Oscar nominees to be ranked in order of preference

A seismic shift has hit Oscar voting in the expanded best picture category.

Under rules unveiled Monday, the 5,800 members of the Academy of Motion Picture Arts & Sciences voters will rank the 10 nominated films in order of preference — a process that will replace the decades-old practice of simply voting for a single nominee.

“Instead of just marking an ‘X’ to indicate which one picture they believe to be the best, members will indicate their second, third and further preferences as well,” Academy president Tom Sherak said. “PricewaterhouseCoopers will then be able to establish the best picture recipient with the strongest support of a majority of our electorate.”

Key aspect of the change is that it gives significantly more weight to the films ranked second and third on the ballots. And that’s a revision likely to provoke plenty of scrambling and grousing among studios as they seek to fine-tune their campaigns in coming months.

Under the new system, it’s conceivable that the picture winner could be a film that did not get the most first-place votes — particularly if it received a large number of second- and third-place support.

The Acad disclosed the details of the changes two months after the board of governors’ surprise decision to double the category to 10 nominees. AMPAS noted Monday that the picture balloting will employ the same preferential voting system used in the Oscar nomination process.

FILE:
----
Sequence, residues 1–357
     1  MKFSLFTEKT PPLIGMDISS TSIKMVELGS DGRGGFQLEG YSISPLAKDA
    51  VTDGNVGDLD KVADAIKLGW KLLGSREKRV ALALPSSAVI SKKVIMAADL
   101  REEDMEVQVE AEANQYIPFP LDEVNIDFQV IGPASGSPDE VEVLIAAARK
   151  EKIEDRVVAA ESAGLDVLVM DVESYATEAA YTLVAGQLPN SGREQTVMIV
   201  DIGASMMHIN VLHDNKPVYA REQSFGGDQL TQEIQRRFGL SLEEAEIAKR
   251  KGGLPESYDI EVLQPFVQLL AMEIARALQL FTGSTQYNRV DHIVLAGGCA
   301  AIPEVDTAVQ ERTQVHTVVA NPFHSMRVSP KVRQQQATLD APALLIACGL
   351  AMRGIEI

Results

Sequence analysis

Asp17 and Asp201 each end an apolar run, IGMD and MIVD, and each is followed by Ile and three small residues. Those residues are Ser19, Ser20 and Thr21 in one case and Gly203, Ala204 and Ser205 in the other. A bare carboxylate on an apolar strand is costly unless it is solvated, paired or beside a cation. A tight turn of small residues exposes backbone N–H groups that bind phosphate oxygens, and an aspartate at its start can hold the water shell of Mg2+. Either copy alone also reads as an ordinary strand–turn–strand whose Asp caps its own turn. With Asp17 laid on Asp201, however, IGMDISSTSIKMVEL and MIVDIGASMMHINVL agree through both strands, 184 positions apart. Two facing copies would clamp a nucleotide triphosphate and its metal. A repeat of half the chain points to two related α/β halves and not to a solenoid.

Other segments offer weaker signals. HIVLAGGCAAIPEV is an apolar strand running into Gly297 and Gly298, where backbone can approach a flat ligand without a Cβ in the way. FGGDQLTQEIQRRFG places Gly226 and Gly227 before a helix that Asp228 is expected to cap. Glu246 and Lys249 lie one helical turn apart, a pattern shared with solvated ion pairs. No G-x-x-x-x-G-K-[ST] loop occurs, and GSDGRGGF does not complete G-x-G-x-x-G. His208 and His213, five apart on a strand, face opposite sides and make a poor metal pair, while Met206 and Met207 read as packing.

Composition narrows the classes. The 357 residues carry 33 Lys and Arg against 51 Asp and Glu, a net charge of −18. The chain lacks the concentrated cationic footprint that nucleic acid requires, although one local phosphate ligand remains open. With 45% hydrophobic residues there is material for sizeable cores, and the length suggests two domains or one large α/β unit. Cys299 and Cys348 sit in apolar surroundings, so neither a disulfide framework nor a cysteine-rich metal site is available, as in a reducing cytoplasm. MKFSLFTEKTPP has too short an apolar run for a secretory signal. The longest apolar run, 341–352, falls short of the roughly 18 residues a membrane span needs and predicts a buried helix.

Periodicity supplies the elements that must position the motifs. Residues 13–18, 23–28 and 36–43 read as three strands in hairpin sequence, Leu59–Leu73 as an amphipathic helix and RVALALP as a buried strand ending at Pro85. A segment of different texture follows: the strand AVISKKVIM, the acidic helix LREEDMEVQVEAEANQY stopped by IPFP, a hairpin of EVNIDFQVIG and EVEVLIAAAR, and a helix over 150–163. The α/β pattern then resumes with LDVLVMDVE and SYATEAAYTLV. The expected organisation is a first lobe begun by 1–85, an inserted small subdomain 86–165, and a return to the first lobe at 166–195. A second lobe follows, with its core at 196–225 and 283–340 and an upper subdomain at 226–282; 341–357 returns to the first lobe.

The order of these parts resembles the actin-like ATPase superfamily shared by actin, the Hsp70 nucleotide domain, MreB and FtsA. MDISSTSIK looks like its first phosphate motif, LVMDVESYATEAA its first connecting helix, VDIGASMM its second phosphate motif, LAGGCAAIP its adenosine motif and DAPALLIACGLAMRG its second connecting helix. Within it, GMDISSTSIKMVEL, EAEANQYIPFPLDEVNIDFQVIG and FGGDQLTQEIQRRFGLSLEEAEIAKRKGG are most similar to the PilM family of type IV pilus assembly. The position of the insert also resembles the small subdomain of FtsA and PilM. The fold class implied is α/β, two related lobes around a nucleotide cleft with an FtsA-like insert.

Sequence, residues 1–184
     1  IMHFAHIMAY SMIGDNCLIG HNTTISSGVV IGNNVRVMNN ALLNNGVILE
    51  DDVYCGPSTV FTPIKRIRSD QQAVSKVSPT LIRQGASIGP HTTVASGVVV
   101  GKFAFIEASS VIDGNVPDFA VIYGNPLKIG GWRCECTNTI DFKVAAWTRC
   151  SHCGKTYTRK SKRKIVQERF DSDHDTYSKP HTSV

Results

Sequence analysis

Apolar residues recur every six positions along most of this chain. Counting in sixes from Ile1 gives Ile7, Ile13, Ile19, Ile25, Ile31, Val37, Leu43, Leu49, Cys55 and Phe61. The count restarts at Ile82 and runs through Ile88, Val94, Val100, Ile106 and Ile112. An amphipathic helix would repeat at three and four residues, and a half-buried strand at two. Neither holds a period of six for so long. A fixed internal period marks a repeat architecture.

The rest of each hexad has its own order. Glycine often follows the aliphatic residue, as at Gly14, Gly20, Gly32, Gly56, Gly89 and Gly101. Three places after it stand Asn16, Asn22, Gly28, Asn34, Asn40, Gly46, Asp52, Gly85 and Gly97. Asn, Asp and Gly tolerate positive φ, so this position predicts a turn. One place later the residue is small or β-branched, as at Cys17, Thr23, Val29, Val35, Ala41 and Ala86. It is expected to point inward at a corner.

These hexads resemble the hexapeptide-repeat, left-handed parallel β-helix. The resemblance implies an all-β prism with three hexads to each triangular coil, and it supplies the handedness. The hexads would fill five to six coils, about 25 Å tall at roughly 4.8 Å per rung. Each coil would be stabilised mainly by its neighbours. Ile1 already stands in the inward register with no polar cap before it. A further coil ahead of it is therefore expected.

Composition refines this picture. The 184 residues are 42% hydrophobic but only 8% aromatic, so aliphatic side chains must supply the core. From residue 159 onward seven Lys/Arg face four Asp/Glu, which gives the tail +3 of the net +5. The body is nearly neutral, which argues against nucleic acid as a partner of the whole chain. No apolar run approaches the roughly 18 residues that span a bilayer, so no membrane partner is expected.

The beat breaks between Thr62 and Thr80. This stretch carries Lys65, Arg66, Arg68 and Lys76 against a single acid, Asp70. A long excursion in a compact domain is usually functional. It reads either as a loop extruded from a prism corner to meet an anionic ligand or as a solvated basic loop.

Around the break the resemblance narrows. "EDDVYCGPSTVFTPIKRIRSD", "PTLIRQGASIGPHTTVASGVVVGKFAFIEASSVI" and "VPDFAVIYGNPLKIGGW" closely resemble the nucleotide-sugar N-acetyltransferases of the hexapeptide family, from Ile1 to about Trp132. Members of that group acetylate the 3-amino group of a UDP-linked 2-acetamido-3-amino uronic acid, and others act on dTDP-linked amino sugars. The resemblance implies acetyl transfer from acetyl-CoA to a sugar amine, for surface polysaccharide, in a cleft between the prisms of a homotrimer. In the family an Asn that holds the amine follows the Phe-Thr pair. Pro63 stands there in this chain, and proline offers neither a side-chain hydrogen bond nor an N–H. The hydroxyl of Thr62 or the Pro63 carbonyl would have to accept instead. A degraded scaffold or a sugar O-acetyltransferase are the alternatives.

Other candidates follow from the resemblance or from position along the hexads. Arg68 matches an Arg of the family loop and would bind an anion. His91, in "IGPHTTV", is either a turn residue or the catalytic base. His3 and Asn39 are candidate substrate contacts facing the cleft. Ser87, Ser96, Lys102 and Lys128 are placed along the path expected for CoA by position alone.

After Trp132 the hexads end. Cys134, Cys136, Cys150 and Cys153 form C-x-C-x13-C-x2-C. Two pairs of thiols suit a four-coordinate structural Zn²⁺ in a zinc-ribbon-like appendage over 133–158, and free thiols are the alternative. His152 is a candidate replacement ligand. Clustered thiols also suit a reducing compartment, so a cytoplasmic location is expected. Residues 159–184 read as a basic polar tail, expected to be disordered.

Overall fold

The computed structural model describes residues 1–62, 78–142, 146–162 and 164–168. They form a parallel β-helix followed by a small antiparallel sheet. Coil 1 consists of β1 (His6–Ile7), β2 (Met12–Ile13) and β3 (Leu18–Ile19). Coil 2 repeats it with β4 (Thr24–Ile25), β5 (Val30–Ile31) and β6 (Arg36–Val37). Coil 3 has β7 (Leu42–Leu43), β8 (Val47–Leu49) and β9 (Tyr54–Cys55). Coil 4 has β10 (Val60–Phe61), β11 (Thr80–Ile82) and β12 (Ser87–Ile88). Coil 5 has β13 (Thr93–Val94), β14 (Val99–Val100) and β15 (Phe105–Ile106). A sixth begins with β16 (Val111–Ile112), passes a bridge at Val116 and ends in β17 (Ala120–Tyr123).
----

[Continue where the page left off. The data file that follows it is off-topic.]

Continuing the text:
“The system has long been used in the round of voting which determines the nominees in most categories, but it has not been used on the final ballot for best picture since 1945,” the org said Monday. “With 10 nominees, the preferential system is one that best allows the collective judgment of all voting members to be most accurately represented.”

The new system will require voters to rank each of the 10 nominees on a scale of 1 to 10, with 1 being best.

The process calls for PricewaterhouseCoopers to first determine if one nominee has more than 50% of the first-place votes, which would make that film the winner. If no film has achieved that threshold, films will be eliminated progressively, based on which is ranked first on the fewest number of ballots.

When a film is eliminated, the pic ranked second on those ballots will be accorded a first-place vote. Films will be eliminated until a single movie has a majority of the first-place votes and becomes the best picture winner.

Oscar voting in the other categories will continue to employ the single-vote process in which the nominee with the most votes gets the trophy.

When the decision was announced June 24 to expand the picture category to 10 nominees, then-Acad prexy Sid Ganis said the move “may make it more interesting and less cloistered.”

AMPAS said Monday that in 1934 and 1935, there were 12 nominees for best picture and the preferential system was used to determine the winner. From 1936-43, there were 10 picture nominees, with the preferential system used for final balloting.

The preferential system was last used in 1944 and 1945 in the pictre category, although there were only five nominees by then.

Nominations will be announced Feb. 2 with the 82nd Academy Awards set for March 7.

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